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# ISCST3 Tech Guide

Gaussian Plume Air Dispersion Model

## 6.1.4 Plume Rise Formulas

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The plume height is used in the calculation of the Vertical Term described in Section 1.1.6. The Briggs plume rise equations are discussed below. The description follows Appendix B of the Addendum to the MPTER User's Guide (Chico and Catalano, 1986) for plumes unaffected by building wakes. The distance dependent momentum plume rise equations, as described in (Bowers, et al., 1979), are used to determine if the plume is affected by the wake region for building downwash calculations. These plume rise calculations for wake determination are made assuming no stack-tip downwash for both the Huber-Snyder and the Schulman-Scire methods. When the model executes the building downwash methods of Schulman and Scire, the reduced plume rise suggestions of Schulman and Scire (1980) are used, as described in Section 1.1.4.11.

Stack-tip Downwash

In order to consider stack-tip downwash, modification of the physical stack height is performed following Briggs (1974, p. 4). The modified physical stack height hs´ is found from:

where hs is physical stack height (m), vs is stack gas exit velocity (m/s), and ds is inside stack top diameter (m). This hs´ is used throughout the remainder of the plume height computation. If stack tip downwash is not considered, hs´ = hs in the following equations.

Buoyancy and Momentum Fluxes

For most plume rise situations, the value of the Briggs buoyancy flux parameter, Fb (m4/s3), is needed. The following equation is equivalent to Equation (12), (Briggs, 1975, p. 63):

where )T = Ts - Ta, Ts is stack gas temperature (K), and Ta is ambient air temperature (K).

For determining plume rise due to the momentum of the plume, the momentum flux parameter, Fm (m4/s2), is calculated based on the following formula:

Unstable or Neutral - Crossover Between Momentum and Buoyancy.

For cases with stack gas temperature greater than or equal to ambient temperature, it must be determined whether the plume rise is dominated by momentum or buoyancy. The crossover temperature difference, ()T)c, is determined by setting Briggs' (1969, p. 59) Equation 5.2 equal to the combination of Briggs' (1971, p. 1031) Equations 6 and 7, and solving for )T, as follows:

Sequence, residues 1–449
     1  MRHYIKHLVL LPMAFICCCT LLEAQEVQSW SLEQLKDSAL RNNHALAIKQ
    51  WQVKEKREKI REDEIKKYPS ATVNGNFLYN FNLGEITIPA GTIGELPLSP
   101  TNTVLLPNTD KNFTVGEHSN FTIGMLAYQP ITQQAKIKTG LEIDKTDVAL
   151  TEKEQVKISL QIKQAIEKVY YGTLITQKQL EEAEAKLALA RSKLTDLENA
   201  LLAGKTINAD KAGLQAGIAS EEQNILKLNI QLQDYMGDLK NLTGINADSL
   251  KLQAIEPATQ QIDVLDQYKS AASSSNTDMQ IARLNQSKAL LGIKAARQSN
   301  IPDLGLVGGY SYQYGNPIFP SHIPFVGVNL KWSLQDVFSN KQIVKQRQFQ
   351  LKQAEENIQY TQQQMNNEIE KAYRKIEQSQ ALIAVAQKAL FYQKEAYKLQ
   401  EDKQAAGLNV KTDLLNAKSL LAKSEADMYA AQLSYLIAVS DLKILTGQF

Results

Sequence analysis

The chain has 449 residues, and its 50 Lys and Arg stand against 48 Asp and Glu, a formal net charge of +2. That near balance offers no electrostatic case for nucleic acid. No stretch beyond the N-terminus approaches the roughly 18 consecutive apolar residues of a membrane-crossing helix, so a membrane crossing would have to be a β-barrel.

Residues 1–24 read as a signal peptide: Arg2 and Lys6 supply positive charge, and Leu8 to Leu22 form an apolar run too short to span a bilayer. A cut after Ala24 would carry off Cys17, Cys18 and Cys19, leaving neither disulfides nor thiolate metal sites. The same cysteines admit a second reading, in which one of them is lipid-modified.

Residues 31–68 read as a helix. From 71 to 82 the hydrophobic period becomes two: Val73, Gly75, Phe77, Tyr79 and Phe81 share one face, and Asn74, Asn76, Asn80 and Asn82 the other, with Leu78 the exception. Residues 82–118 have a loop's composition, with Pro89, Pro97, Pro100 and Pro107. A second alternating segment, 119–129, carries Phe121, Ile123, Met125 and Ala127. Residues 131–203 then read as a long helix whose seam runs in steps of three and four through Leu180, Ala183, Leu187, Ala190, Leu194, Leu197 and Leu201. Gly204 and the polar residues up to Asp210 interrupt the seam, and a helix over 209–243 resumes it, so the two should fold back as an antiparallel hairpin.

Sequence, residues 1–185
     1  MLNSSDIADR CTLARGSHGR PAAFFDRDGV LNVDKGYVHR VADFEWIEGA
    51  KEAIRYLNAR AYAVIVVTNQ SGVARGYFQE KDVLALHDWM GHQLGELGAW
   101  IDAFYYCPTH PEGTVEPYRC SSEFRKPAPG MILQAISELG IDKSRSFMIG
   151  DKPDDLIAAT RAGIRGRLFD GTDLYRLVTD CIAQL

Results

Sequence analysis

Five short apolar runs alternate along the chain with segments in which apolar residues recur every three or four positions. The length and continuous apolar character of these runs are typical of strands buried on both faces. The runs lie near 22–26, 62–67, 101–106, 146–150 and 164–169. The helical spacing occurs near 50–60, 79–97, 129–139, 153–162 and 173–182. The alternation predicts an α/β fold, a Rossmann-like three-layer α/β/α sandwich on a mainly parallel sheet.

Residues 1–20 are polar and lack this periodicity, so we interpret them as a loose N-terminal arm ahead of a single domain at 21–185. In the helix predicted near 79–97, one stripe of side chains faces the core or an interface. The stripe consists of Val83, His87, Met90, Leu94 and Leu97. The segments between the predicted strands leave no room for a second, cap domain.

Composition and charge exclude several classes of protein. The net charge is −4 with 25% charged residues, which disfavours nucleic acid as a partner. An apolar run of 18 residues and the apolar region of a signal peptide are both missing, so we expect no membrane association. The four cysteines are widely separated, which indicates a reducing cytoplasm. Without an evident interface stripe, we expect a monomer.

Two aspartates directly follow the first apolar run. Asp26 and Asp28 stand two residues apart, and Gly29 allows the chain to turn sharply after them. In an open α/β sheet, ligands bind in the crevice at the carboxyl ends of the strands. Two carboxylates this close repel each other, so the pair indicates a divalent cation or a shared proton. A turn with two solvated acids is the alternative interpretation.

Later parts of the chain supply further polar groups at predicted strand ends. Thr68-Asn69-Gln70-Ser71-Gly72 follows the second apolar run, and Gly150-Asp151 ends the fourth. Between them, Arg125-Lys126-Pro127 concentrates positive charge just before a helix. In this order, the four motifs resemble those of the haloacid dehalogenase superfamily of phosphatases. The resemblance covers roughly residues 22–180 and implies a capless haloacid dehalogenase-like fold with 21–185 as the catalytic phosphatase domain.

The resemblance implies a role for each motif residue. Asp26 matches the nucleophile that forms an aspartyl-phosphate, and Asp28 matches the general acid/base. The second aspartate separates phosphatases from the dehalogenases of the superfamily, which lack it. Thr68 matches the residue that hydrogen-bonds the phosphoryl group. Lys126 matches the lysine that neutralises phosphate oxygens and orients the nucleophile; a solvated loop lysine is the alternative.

for Fb < 55,

and for Fb \$ 55,

If the difference between stack gas and ambient temperature, )T, exceeds or equals ()T)c, plume rise is assumed to be buoyancy dominated, otherwise plume rise is assumed to be momentum dominated.

Unstable or Neutral - Buoyancy Rise.

For situations where )T exceeds ()T)c as determined above, buoyancy is assumed to dominate. The distance to final rise, xf, is determined from the equivalent of Equation (7), (Briggs, 1971, p. 1031), and the distance to final rise is assumed to be 3.5x*, where x* is the distance at which atmospheric turbulence begins to dominate entrainment. The value of xf is calculated as follows:

for Fb < 55:

and for Fb \$ 55:

The final effective plume height, he (m), is determined from the equivalent of the combination of Equations (6) and (7) (Briggs, 1971, p. 1031):

for Fb < 55:

and for Fb \$ 55:

Unstable or Neutral - Momentum Rise.

For situations where the stack gas temperature is less than or equal to the ambient air temperature, the assumption is made that the plume rise is dominated by momentum. If )T is less than ()T)c from Equation (1-10) or (1-11), the assumption is also made that the plume rise is dominated by momentum. The plume height is calculated from Equation (5.2) (Briggs, 1969, p. 59):

Briggs (1969, p. 59) suggests that this equation is most applicable when vs/us is greater than 4.

Stability Parameter.

For stable situations, the stability parameter, s, is calculated from the Equation (Briggs, 1971, p. 1031):

As a default approximation, for stability class E (or 5) M2/Mz is taken as 0.020 K/m, and for class F (or 6), M2/Mz is taken as 0.035 K/m.

Stable - Crossover Between Momentum and Buoyancy.

For cases with stack gas temperature greater than or equal to ambient temperature, it must be determined whether the plume rise is dominated by momentum or buoyancy. The crossover temperature difference, ()T)c , is determined by setting Briggs' (1975, p. 96) Equation 59 equal to Briggs' (1969, p. 59) Equation 4.28, and solving for )T, as follows:

If the difference between stack gas and ambient temperature, )T, exceeds or equals ()T)c, plume rise is assumed to be buoyancy dominated, otherwise plume rise is assumed to be momentum dominated.

Stable - Buoyancy Rise.

For situations where )T exceeds ()T)c as determined above, buoyancy is assumed to dominate. The distance to final rise, xf, is determined by the equivalent of a combination of Equations (48) and (59) in Briggs, (1975), p. 96:

The plume height, he, is determined by the equivalent of Equation (59) (Briggs, 1975, p. 96):

Stable - Momentum Rise